17-06-2018 – 20-06-2018
Three important special collections in Künker’s summer auctions
As every year, Künker will present its summer auctions before the summer break. This time, there are four catalogues with 4,577 lots estimated at 5.7 m. euros. Three special collections will be sold. The first lots of auction 307 stem from the Genaert collection featuring coins from the Spanish Netherlands. Auction 308 will entail coins and medals of the House of Welf from the Friedrich Popken collection. The next auction 309 offers the Gunther Wiegrebe collection with coins from Lippe.
No. 247: Issues of the Republic of Brabant, 1584-1585. Ecu robustus 1584, Antwerp. Extremely rare. Nearly extremely fine. Estimate: 10,000 euros.
Collectors will also find a great variety of coins and medals from the German States, Germany after 1871 and world coins. Catalogue 310 offers a large series of modern Chinese coins and Russian coins as well as world Gold coins and medals.
No. 1079: Haguenau (France / Alsace). Reichstaler 1665, featuring the title of Leopold I. Very rare. Very fine to extremely fine. Estimate: 15,000 euros.
Auction 307: The Genaert collection – Foreign coins and medals
Künker likes to describe itself as “The house of minted history”. The extensive Genaert collection, which concentrates on coins from the Spanish Netherlands, illustrates just what that means.
No. 703: Rummen. Arnold of Oreye, 1355-1370. Cavalier d’or, no date, Rummen. Extremely rare. Nearly extremely fine. Estimate: 5,000 euros.
With almost 1,000 lots, the collector has documented the history of this rich but torn land which is nowadays divided between Belgium, Luxemburg, France and Germany. The temporal spectrum reaches from the Celtic antiquity to the French Revolution. The richness of the material will even surprise those who know that Brabant and Flanders were economic centres of Europe at the time.
We will encounter all important cities and princes from Brabant, Flanders, the Hainaut and the surrounding territories. From Charles the Bold to Maria Theresa, from the most precious gold coins of the Hundred Year’s War to the siege money of the Eighty Years’ War. Estimates range from 50 euros to 10,000 euros.
No. 1186: Poland. Sigismund III, 1587-1632. Reichstaler 1627, Bromberg. Very rare. Very fine. Estimate: 35,000 euros.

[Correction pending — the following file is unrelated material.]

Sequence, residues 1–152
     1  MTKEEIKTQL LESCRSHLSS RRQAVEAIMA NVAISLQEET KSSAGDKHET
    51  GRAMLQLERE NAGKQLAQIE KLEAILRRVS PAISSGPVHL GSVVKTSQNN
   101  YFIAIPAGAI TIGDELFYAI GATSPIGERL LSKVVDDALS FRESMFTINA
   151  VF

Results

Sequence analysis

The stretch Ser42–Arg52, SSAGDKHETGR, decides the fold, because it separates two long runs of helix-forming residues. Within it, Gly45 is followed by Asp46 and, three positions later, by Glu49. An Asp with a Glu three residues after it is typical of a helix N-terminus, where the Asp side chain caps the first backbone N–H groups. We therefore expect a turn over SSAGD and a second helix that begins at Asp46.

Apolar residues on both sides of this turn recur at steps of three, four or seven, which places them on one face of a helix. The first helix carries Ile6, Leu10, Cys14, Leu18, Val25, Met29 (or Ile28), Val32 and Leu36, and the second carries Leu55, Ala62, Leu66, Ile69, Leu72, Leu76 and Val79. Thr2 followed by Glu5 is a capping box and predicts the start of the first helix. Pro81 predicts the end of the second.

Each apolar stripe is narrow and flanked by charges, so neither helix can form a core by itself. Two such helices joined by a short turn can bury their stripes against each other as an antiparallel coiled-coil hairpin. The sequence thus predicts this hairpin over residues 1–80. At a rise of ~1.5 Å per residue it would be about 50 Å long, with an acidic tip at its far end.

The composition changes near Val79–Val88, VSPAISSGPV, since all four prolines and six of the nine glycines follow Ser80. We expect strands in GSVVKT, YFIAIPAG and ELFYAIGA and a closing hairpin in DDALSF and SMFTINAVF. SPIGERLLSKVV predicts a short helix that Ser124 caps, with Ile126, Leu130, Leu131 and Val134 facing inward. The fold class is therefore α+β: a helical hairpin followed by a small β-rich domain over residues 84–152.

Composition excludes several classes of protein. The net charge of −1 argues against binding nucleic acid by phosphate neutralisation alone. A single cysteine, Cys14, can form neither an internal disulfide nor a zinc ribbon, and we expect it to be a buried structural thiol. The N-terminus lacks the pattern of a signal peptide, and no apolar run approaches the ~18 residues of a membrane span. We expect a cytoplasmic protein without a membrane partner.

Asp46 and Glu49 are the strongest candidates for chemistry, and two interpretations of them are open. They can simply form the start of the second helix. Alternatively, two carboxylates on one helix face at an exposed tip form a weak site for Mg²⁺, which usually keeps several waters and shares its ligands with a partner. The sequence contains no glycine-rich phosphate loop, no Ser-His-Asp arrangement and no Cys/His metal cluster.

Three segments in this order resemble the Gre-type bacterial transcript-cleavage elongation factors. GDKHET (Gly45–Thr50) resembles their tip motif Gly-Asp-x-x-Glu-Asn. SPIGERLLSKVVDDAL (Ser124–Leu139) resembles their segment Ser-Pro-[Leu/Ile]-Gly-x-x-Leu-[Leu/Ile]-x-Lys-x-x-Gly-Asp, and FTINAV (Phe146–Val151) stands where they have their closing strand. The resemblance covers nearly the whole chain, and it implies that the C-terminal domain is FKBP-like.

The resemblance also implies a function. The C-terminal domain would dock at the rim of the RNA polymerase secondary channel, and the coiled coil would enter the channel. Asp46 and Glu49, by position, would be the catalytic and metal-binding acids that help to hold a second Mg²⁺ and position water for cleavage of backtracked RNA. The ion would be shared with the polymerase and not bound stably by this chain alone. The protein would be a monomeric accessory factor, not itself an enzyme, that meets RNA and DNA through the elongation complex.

Coins from foreign countries
The second part of this sale will be world coins and medals featuring great rarities. There are some great treasures from Poland and Transylvania, for instance, a very fine reichstaler from Bromberg 1627 of King Sigismund III from Poland. The obverse shows the king’s crowned monogram in a laurel wreath. (No. 1186, estimate: 35,000 euros).
No. 1267: Transylvania. Michael Apafi, 1661-1690. Hexagonal reichstaler klippe 1663, Arx Fogaras. Extremely rare. Extremely fine. Estimate: 30,000 euros.
Another interesting lot is a hexagonal reichstaler klippe from Transylvania by Michael Apafi from the year 1663 (No. 1267, estimate: 30,000 euros).
No. 1272: Chile. Fernando VI, 1746-1760. 8 reales 1758, Santiago. Extremely rare. Outstanding, well struck specimen. Very fine to extremely fine. Estimate: 25,000 euros.
Let us go to the overseas territories: We will see a reales de a ocho from 1758. The coin, which was minted under Ferdinando VI in today’s Chilean Santiago, is remarkable because it is an exceptionally well-preserved specimen that shows the entire die on the planchet. (No. 1272, estimate: 25,000 euros).
No. 1351: Holy Roman Empire. Leopold II, 1790-1792. Convention taler 1790 Vienna, on behalf of Hungary. Royal taler. Very rare in this condition. FDC. Estimate: 15,000 euros.
The catalogue ends with about 100 lots of coins and medals from the house of Habsburg. If you are interested in this subject, you can look forward to numerous highlights, like the first guldiner from 1486 in almost extremely fine (No. 1289, estimate: 15,000 euros), a perfect convention taler from 1790 in FDC (No. 1351, estimate: 15,000 euros) an a rare commemorative coin by Franz Joseph on occasion of the opening of the Carl-Ludwig-house on the Raxalpe from 1877 (No. 1364, estimate: 7,500 euros).
No. 2340: Brunswick-Calenberg-Hannover. Ernst August, 1679-1698. Gold offstrike of the taler die, no date (1691), Zellerfeld. Extremely rare. Nearly FDC. Estimate: 25,000 euros.
Auction 308: Coins and medals from the House of Welf from the Friedrich Popken collection – German coins and medals from the Middle Ages and the Early Modern Era
461 lots with coins and medals from the House of Welf from the Friedrich Popken collection kick off auction 308. Many coin enthusiasts will be familiar with this collector’s name. His name stands for high quality combined with a great love for history. Consequently, this part of the collection also provides an overview of the fortune of the House of Welf, a ruling dynasty that influences British and German history even today.
The temporal span of the auction ranges from the High Middle Ages until the death of William in the year 1884, when the Prussians made sure, that the emperor’s brother would rule the rich territory henceforth.